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Posts Tagged ‘replacement circuit breaker’

Aluminum Feeders Damage Old Circuit Breakers

July 2nd, 2010 Comments off

MIDWEST had a customer that seemed to call us about every 5 to 6 months for a replacement circuit breaker. This went on for about three years, before we noticed the pattern. We recognized it because he started calling the same Engineer.   We asked why he needed so many reconditioned replacement circuit breakers over the past two or three years. It seems their facility was built in the 1970s when copper was so scarce and expensive that many projects were built using aluminum cables.  Unfortunately some installations did not use the correct lugs or failed to install the lugs properly. We were very surprised they didn’t have these problems, or worse, decades ago.  We asked them if they still had a couple of the old damaged circuit breakers laying around.  Could they send us one or more of the old circuit breakers that had been damaged, so we could inspect them and give some recommendations on how to prevent future problems.  Inspection of two of their used circuit breakers that had failed, showed extensive heat and arcing damage at one or more of the load side lugs.  We have seen this type damage many times and it invariably was caused by cables that had become loose inside the lug or lugs that had become loose at the breaker connection.  One of our senior engineers worked in electrical construction during the years aluminum cables were used.  He explained how this could be dangerous and he also was very surprised they didn’t have problems many years ago.  He said a lot of new circuit breakers and MLO, ie main lugs only, panel boards were damaged when the aluminum cable terminations failed in the years after installation. He had one strong recommendation.  Hire an old time electrician who remembers those days and knows from experience what has to be done to correct things.  He said this can be a challenge. But, if they don’t do something, they may lose more than an occasional old circuit breaker. He also said to be extremely careful when installing a replacement circuit breaker. Always turn all the power off, including the feeder into the old power panel or panelboard. Safety first.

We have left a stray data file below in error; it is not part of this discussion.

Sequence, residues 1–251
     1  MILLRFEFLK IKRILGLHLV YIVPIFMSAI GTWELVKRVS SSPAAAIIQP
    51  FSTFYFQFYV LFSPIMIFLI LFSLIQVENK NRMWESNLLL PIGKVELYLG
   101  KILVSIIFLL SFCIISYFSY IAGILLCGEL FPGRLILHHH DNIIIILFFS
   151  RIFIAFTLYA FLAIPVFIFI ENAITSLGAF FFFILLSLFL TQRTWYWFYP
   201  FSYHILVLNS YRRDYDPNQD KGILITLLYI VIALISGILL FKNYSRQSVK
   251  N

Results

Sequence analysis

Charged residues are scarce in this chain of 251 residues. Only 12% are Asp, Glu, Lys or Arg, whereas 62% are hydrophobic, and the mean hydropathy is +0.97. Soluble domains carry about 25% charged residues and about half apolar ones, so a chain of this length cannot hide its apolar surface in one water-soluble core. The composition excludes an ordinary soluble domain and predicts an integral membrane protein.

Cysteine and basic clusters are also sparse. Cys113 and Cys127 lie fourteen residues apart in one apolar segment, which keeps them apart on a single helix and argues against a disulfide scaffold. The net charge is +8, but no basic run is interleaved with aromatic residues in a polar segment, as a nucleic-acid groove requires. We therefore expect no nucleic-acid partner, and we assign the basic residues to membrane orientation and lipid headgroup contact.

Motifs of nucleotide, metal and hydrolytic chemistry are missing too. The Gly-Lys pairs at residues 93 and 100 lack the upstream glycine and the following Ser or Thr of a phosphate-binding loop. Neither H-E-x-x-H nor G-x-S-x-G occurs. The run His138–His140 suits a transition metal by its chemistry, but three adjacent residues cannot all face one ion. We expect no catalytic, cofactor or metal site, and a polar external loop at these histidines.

Replacement Circuit Breaker Tight but Loose

June 4th, 2010 Comments off

During our annual Thermographic Scan of a large manufacturer’s electrical system, MIDWEST found a serious problem with a new circuit breaker. The middle line side bolted connection was extremely hot. They had recently installed a replacement circuit breaker with a higher interrupting current level in this panelboard.  During their Arc Flash Hazard Analysis they discovered several old circuit breakers that did not have high enough interrupting current rating for their system. So they replaced these circuit breakers.  The replacement circuit breakers had high interrupting ratings and it was a straight forward replacement project. Their electricians were pretty sharp, so they were skeptical of our finding.  On third shift they powered down and checked connections and the electricians informed MIDWEST, in their own emphatic vernacular, that the bolts were tight and maybe MIDWEST was loose.  MIDWEST has run into this breaker problem before.  It doesn’t happen often, but we work with old and new circuit breakers every day, all day.  Here is the work practice one must follow when changing out old circuit breakers.  Always lay out the bolts removed from the old circuit breaker such that you know exactly which bolt came out of which hole. Use identical replacements for each bolt and pay attention to the bolt lengths. Replace the bolts with new bolts of the exact same length.  On their installation, the middle line side bolt was shorter than the other two bolts. The middle bolt was not a through bolt. The bolt hole bottomed out.  They used a bolt that was ¼ inch too long and even when it was properly torque tightened, it still was not a physically tight connection, because the bolt hit bottom before the attached bus was tight. We suspect their torque wrench was called “armstrong,” so we were sure they had tightened it enough. Again, on third shift, they replaced the bolt with the right length and the overheating circuit breaker problem disappeared.  MIDWEST recommends following a simple work practice when installing replacement circuit breakers. Keep track of exactly which bolt went where. Usually it does not make a difference, but one in a hundred does.  This customer was lucky we did an infrared scan shortly after the circuit breaker was replaced.